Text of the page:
Are Lithium Batteries Bad for the Environment?

Lithium-ion batteries are powerful, lightweight and have a very high energy density. They power our laptops, cell phones, and are now becoming a key storage source for electric vehicles. Demand is on the rise and lithium-ion installations will grow significantly within the next three years. According to Visual Capitalist: “in 2014, lithium-ions made up 33.4% of the rechargeable battery market worldwide, worth $49 billion. By 2025, it is estimated by Bernstein that the rechargeable battery market will more than double to $112 billion, while lithium-ion’s market share will more than double to 70.0%.” 


Major advancements have been underway in lithium-ion battery technology and will soon be revolutionary for the clean energy sector. Cheaper, more effective lithium-ions are now taking over the battery market. With all of this growth, concerns have also risen as to how much more sustainable and environmentally safe these technological lithium extraction processes are, and if lithium batteries themselves are bad for the environment – however, this growth has also stimulated growth within the auto manufacturing industry. Both the environmental and economic cost of mining lithium and other rare earth metals needed for batteries has led to manufacturers investing in ways to recycle end-of-life batteries to ensure the materials are re-used.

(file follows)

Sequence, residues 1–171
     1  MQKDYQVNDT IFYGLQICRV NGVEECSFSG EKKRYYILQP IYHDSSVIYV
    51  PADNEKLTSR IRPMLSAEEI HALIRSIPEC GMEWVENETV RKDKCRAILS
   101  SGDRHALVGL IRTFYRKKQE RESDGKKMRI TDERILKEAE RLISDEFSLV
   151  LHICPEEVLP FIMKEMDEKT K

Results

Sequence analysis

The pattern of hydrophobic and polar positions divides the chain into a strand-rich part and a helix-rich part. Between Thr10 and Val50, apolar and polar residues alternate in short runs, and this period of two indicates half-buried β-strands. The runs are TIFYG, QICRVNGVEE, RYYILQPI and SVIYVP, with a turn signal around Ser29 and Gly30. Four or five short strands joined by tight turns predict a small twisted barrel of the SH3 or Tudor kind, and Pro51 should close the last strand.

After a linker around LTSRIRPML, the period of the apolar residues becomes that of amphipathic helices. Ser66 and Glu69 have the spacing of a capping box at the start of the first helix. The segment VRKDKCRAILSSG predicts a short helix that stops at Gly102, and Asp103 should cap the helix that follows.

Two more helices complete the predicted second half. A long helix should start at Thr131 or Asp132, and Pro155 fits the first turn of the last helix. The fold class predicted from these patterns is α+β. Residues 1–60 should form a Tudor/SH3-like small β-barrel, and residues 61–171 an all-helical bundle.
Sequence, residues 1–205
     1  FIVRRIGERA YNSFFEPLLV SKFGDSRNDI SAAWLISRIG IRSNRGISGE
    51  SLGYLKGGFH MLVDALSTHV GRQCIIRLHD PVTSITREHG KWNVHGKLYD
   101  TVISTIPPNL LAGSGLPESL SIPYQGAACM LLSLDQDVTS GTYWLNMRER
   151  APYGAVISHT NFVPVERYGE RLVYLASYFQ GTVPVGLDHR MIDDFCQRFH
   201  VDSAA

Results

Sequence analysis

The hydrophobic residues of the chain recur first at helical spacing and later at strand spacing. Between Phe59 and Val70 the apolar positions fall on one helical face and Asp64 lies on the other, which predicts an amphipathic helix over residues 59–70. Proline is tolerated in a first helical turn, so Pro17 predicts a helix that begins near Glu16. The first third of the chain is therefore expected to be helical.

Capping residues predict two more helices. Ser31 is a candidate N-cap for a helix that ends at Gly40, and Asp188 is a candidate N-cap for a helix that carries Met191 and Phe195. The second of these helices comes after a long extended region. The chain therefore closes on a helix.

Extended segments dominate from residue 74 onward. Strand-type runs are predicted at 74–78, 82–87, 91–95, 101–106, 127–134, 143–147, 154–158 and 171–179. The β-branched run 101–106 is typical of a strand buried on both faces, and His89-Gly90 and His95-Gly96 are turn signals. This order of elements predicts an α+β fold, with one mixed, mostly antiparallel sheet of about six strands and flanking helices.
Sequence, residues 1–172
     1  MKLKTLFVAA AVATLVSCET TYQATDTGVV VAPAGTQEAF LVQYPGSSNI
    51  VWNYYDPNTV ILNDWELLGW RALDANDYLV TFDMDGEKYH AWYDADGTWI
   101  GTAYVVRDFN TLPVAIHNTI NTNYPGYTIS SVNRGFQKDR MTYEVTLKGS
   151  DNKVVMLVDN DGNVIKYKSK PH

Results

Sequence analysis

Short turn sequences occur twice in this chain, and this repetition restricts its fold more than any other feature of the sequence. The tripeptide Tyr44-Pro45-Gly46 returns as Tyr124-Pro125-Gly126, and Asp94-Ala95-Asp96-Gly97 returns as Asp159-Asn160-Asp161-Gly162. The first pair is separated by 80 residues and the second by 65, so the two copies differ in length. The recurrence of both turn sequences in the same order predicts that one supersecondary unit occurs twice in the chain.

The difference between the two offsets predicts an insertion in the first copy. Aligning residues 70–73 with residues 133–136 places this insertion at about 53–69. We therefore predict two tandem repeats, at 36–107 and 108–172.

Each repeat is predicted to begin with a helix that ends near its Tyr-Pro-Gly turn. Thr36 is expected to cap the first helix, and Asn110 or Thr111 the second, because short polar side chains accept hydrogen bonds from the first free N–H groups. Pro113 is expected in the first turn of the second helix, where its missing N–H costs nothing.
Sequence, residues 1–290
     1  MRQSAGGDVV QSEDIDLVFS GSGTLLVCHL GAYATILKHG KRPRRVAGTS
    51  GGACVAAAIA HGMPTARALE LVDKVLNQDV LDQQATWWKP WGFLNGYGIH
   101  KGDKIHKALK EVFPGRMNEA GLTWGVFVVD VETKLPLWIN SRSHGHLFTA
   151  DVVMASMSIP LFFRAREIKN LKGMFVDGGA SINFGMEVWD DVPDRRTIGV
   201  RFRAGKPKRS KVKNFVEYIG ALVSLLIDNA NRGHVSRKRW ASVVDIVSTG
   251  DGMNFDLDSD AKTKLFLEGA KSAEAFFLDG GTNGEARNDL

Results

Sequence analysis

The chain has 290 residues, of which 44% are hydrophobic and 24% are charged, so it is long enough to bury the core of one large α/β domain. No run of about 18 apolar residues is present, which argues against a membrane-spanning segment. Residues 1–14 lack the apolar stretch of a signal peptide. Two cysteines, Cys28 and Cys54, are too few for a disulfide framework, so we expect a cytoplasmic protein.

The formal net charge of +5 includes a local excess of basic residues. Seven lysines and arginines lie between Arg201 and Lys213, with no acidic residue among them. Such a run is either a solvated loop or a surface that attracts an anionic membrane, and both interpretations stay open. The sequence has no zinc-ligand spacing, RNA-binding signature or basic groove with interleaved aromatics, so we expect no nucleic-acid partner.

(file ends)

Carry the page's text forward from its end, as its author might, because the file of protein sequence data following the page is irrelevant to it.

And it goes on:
Recent studies have described a growing interest in the recycling of lithium batteries for electric vehicles and building the infrastructure needed to do so. While there are still issues regarding the physical components of lithium-ion batteries and the efficiency of the recovery process have yet to be addressed, scientists are confident that innovation and technological developments will find solutions as lithium batteries become more prevalent. Lithium extraction may pose an environmental quandary, but the batteries they help produce are far and away one of the most efficient ways to promote a transition away from fossil fuels and towards sustainable development. 


Growth within the lithium-ion battery industry is set to spur innovation in recycling, ensuring that production of these batteries are as environmentally-friendly as possible, illustrated best by the conclusion drawn by scientists in a recent Nature paper: “Careful husbandry of the resources consumed by electric-vehicle battery manufacturing—and recycling—surely hold the key to the sustainability of the future automotive industry.” Lithium batteries are the future, and are set to usher in a new era of industrial sustainability and environmental consciousness.